图书介绍

C++标准库:自学教程与参考手册·英文版(套装上下册)(第2版)

  • [德] Nicolai M.Josuttis 著
  • 出版社: 人民邮电出版社
  • ISBN:9787115296870
  • 版次:2
  • 商品编码:11151402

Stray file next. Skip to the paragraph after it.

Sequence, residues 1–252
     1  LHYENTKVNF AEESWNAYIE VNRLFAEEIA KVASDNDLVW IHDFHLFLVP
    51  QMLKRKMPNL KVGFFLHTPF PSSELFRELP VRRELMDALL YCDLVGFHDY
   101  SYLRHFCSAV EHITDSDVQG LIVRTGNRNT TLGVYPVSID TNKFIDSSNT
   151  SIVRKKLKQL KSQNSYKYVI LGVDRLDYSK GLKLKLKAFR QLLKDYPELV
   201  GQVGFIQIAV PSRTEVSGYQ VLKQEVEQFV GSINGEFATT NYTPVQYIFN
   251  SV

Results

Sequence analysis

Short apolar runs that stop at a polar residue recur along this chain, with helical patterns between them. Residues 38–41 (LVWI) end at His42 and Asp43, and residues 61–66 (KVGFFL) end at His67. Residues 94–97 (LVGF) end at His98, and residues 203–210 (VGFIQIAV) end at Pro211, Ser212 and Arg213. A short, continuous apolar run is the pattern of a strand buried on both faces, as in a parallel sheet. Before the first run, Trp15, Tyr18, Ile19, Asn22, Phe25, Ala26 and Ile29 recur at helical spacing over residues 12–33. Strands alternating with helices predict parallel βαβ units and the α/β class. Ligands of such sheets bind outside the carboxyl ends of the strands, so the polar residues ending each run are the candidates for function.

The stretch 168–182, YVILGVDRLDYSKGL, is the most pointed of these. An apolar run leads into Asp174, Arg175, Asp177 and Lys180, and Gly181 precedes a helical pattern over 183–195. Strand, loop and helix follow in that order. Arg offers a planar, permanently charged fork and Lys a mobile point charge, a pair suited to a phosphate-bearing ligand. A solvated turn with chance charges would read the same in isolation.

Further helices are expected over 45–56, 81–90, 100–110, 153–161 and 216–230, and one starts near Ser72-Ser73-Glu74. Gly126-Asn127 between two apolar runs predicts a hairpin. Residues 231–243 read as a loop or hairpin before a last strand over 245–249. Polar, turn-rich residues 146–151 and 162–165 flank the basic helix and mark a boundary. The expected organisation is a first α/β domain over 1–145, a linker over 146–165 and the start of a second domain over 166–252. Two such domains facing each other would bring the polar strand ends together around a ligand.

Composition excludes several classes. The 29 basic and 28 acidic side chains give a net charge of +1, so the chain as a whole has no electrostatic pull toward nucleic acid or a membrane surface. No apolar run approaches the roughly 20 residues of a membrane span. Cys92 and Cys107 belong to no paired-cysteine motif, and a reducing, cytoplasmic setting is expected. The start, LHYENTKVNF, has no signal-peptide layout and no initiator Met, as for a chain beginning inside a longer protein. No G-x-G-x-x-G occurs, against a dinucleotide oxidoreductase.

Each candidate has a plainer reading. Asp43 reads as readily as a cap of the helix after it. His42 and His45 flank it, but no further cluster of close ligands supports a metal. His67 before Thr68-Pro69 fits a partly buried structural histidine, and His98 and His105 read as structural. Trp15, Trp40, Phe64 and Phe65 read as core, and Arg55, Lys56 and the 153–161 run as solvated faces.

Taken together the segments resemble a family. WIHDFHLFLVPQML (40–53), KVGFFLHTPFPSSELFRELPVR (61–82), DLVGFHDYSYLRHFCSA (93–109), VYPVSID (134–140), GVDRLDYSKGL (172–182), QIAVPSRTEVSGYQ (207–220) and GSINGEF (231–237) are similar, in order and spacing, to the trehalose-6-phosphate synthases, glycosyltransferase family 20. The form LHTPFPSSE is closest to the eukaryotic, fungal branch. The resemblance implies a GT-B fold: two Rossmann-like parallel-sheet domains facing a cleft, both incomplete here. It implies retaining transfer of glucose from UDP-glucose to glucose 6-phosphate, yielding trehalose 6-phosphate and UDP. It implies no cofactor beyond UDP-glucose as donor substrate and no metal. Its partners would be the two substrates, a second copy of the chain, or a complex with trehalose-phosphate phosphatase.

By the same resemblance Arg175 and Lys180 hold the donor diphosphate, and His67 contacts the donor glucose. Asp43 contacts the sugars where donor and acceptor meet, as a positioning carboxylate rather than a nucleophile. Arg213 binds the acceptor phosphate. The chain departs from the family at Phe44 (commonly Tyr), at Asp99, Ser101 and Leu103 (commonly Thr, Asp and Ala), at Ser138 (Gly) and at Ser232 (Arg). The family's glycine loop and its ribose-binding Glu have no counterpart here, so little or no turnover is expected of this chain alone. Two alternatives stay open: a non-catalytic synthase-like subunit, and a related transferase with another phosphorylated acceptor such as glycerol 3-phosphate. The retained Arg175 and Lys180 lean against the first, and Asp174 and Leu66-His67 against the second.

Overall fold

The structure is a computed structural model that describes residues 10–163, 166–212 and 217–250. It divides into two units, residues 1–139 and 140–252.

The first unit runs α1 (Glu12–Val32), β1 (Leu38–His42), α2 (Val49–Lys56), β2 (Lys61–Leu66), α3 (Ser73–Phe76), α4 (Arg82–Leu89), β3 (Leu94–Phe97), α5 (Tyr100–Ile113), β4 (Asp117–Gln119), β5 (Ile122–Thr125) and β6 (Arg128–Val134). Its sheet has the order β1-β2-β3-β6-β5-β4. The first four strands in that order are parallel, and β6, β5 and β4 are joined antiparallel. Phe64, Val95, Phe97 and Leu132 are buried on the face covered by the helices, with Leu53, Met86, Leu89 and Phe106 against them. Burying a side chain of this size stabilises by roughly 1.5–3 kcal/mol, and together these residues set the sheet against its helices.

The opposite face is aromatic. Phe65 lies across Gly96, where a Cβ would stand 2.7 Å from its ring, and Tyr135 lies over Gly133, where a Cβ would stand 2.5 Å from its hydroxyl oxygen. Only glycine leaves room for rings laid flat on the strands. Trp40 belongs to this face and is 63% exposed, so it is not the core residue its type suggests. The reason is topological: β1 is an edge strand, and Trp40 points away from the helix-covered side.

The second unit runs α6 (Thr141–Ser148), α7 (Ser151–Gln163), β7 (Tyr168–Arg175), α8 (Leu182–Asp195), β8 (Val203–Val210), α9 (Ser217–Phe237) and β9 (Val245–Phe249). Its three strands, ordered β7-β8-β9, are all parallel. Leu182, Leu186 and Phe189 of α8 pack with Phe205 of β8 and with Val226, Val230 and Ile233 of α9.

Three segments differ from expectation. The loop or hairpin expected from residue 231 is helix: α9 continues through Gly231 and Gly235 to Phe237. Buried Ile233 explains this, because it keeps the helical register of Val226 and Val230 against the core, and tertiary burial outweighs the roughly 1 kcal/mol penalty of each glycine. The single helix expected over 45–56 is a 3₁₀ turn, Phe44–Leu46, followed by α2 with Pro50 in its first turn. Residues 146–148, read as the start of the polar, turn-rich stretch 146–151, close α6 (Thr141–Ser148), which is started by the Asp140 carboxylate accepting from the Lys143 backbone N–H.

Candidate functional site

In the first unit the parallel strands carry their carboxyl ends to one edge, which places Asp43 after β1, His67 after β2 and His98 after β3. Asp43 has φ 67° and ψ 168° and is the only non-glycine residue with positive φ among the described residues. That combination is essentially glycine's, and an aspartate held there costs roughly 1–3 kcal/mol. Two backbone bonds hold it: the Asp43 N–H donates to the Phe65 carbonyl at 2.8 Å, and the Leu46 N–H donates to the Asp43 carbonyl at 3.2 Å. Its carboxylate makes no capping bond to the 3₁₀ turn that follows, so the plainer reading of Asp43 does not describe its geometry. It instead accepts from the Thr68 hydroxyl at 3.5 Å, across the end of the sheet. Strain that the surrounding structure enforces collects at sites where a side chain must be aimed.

• 包装:平装
  • 开本:16开
  • 出版时间:2013-01-01
  • 用纸:胶版纸
  • 页数:1099
  • 套装数量:2
  • 字数:1714000
  • 正文语种:英文

PDF下载

高速下载 普通下载

赞助商链接

图书目录